Chris Bogen, Tulane School of Professional Advancement, discusses the 2019 National Cyber Summit
Posted on behalf of Chris Bogen, Ph.D., GAWN, GPEN, GCIH, GICSP
Adjunct Instructor, Applied Computing Systems Technology,
Tulane School of Professional Advancement
As a cybersecurity professional and a cybersecurity educator I attended the 2019 National Cyber Summit in Huntsville, AL and enjoyed a balanced mixture of information from industry, academia, and government. Highlights of my conference visit included:
A two-day Red Team operations training course from Nicholas Downer and the folks at Millenium provided a well-guided introduction to the use of the CobaltStrike RAT (Remote Administration Tool). The course was paced well for beginners and allowed for more advanced, independent challenges for folks that already have some penetration testing experience. I had a great time working ahead and trying to harvest credentials and pivot through domain controllers.
Bobbie Stempfley’s (Managing Director, CERT Division – Carnegie Mellon University – Software Engineering Institute) keynote presentation was exceptional and personable. It was a privilege to hear a cybersecurity retrospective and look-ahead from an extremely effective pioneer of the industry – afterall, she established the U.S. Department of Defense’s Computer Emergency Response Team! I especially liked how she compared the relative maturity and timeline of disciplined engineering practices in software engineering, cybersecurity, and artificial intelligence (from oldest to newest).
Watching Rob Lee’s Keynote Presentation (Dragos Security) was also an exceptional privilege. As a principal investigator on several high profile industrial control system (ICS) incidents, Mr. Lee provided a healthy dose of reality to counteract several misconceptions about threats to the power grid and other national assets.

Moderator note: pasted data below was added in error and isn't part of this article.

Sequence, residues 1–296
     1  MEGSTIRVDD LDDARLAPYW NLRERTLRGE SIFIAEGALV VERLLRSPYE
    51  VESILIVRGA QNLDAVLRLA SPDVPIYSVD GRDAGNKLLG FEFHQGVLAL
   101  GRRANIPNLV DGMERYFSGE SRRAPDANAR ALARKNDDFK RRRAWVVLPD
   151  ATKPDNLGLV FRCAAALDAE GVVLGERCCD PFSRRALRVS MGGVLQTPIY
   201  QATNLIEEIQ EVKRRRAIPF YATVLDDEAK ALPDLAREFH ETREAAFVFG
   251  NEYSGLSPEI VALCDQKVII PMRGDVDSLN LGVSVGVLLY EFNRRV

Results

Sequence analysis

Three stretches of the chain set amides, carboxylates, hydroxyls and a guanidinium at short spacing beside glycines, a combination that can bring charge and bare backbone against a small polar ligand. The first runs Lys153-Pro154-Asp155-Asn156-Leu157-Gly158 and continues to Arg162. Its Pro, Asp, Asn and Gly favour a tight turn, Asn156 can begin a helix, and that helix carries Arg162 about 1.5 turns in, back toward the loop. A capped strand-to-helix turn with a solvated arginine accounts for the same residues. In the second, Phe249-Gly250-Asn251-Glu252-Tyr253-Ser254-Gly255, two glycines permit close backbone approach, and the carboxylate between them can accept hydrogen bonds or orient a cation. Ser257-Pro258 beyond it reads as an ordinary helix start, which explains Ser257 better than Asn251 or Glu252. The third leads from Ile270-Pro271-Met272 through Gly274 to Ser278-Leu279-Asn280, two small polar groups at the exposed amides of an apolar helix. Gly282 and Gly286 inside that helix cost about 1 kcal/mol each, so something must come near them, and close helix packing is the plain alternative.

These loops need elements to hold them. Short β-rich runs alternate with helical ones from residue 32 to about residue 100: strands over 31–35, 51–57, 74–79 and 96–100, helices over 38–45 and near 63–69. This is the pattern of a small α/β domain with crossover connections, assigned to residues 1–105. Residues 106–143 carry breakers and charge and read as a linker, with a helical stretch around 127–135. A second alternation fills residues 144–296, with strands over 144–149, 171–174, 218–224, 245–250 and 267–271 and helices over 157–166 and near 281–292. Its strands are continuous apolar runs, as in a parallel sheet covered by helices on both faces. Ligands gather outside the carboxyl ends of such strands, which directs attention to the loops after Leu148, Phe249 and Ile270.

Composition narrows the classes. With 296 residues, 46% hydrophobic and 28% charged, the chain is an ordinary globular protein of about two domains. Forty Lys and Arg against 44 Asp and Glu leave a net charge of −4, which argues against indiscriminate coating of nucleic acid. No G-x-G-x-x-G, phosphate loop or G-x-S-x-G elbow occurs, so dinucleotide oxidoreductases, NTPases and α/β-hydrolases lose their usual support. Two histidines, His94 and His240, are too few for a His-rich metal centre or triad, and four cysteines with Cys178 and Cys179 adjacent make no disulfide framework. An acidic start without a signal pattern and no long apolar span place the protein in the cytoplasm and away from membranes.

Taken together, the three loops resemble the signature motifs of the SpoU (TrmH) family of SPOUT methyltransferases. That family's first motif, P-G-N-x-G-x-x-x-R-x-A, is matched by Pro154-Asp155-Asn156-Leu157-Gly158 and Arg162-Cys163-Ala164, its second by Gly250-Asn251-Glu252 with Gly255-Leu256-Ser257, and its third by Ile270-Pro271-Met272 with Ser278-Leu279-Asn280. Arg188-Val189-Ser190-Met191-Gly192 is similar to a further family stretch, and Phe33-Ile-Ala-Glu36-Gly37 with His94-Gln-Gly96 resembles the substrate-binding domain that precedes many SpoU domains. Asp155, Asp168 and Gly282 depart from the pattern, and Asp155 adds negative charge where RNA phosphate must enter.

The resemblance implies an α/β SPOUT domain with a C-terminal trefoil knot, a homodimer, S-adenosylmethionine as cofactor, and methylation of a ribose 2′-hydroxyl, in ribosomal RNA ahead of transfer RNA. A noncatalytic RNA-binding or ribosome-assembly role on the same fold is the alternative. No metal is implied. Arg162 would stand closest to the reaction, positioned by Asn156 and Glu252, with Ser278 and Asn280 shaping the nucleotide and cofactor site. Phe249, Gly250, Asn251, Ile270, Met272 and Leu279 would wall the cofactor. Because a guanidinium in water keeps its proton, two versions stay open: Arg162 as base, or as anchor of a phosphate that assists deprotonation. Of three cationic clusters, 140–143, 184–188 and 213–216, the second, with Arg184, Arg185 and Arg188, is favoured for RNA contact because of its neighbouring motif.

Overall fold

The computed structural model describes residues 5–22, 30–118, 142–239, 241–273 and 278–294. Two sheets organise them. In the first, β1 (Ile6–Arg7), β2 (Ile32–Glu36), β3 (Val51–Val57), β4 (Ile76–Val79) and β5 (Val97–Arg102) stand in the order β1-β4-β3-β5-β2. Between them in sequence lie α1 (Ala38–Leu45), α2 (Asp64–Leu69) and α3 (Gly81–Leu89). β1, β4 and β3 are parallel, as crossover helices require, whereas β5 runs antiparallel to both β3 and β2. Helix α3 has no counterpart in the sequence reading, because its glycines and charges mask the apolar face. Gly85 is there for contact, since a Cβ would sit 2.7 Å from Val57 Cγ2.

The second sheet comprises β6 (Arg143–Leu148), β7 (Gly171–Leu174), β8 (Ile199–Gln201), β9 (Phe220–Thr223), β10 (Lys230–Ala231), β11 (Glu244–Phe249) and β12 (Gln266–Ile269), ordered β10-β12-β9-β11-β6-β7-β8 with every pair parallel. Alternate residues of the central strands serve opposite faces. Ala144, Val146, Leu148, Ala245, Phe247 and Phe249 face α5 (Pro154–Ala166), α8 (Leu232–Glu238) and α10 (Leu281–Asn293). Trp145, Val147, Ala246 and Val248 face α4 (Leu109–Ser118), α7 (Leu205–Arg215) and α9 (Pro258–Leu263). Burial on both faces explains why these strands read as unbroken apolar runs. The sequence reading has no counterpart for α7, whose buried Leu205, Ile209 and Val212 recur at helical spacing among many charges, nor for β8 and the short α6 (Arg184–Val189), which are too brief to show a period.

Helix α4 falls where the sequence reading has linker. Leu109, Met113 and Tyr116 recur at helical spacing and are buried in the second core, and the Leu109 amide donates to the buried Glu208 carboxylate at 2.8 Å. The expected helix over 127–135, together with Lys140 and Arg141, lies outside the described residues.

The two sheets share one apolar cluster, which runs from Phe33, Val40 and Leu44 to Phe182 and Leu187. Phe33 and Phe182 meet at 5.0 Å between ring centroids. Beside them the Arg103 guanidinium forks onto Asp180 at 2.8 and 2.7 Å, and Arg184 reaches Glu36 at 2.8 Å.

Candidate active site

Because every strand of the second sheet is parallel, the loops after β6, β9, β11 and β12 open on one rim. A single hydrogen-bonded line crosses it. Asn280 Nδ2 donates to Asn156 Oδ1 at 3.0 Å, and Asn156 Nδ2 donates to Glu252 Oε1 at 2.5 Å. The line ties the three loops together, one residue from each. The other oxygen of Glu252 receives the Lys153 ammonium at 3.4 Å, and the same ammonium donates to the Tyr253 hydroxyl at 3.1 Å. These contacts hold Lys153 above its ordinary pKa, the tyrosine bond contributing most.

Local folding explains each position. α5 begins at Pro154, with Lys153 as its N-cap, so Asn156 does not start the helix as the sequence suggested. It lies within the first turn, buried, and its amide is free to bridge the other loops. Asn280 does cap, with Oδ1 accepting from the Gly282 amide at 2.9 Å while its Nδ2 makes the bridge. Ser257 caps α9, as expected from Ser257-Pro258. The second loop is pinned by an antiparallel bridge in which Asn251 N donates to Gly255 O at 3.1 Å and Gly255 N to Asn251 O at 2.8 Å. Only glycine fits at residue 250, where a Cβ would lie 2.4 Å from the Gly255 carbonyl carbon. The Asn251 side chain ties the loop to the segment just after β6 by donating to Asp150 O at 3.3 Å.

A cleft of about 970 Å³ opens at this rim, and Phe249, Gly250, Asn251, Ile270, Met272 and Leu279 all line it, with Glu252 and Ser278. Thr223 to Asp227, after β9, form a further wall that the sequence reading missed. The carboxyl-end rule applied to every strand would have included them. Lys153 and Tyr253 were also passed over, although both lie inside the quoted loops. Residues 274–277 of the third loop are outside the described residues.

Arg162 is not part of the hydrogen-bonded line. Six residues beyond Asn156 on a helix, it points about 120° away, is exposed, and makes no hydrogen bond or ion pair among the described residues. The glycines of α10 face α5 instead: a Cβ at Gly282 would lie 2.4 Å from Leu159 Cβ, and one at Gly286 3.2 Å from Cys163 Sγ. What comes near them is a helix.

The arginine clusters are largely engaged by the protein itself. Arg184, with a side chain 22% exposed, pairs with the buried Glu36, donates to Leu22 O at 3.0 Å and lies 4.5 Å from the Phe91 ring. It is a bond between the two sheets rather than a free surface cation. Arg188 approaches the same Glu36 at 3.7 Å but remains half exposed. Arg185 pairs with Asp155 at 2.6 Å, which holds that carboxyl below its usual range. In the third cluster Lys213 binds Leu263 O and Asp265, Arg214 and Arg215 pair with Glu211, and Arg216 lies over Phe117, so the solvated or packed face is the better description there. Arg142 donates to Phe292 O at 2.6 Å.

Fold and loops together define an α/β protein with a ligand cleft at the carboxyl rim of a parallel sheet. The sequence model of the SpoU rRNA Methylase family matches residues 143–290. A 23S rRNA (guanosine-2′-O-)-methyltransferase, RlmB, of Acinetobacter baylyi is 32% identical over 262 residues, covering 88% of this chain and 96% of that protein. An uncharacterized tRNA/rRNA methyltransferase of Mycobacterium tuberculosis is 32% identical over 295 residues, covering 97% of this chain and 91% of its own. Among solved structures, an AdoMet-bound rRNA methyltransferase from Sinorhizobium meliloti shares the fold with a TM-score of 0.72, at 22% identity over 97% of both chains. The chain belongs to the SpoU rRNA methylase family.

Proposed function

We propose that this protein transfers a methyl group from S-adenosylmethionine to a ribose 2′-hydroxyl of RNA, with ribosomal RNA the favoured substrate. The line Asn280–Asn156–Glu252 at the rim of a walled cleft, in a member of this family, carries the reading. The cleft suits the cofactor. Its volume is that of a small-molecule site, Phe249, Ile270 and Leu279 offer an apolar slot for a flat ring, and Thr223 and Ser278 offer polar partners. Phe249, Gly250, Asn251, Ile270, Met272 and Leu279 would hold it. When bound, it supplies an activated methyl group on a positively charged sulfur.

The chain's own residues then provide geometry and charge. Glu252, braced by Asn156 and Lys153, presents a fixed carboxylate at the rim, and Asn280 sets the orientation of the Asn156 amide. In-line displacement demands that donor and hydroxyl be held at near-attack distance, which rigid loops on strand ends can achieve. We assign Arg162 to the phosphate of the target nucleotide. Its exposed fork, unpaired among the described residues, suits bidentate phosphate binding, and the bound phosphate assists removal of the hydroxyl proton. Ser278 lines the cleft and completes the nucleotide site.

Major Bradley Eames (USAF)’s presentation on vulnerability testing for field weapon systems provided a great “out-of-the-box” example of how to manage the unique complexities of testing operational technology (OT) for mission and safety critical application. Major Eames emphasized the importance of credibility when communicating cybersecurity risks to field technicians and OT system owners – it is important not to exaggerate cybersecurity risks that, while technically interesting, have little impact on the system (and vice versa).
Dr. Wesley McGrew (HORNE Cybersecurity) provided a compelling argument for more rigorous cybersecurity education requirements. More importantly, Dr. McGrew recommended several books that are headed to the top of my already oversized reading queue: The Art of Software Security Assessment (Dowd, McDonald, and Schuh), Practical Malware Analysis (Sikorski, Honig), Psychology of Intelligent Analysis (Heuer), et al.
Marcus Sachs, P.E. (Ridge-Lane Limited Partners) knocked one off my bucket-list by allowing me to operate a working Enigma machine on the exhibit floor. Mr. Sachs generously shared his deep knowledge on this historically significant encryption device, and even told me where I could find an Enigma machine for sale in New Orleans. Too bad I don’t have tens of thousands of dollars to spend on the Holy Grail of nerd relics.
My Red Team course classmate, Kell Rozman (Toyota), gave an exceptional presentation on his effort to secure operations at Toyota. It was evident in his presentation that Toyota is forward thinking in the security of their products.
Dr. Brad Wardman (Paypal) provided some insightful stories about Paypal fraud investigations and how Paypal helped other tech companies mitigate risks in the recent “Collection #1” dump of over 1TB of usernames and passwords.
There were many other enlightening and enjoyable moments at the Cybersecurity Summit and I’ll enjoy visiting in the future.
Chapter Note: We appreciate Chris Bogen and Kat Sullivan joining us at the 2019 NCS to represent Tulane University and Tulane MS in Cyber Security Management and MS in IT Management. If you would like to see more about this sponsor's program, visit: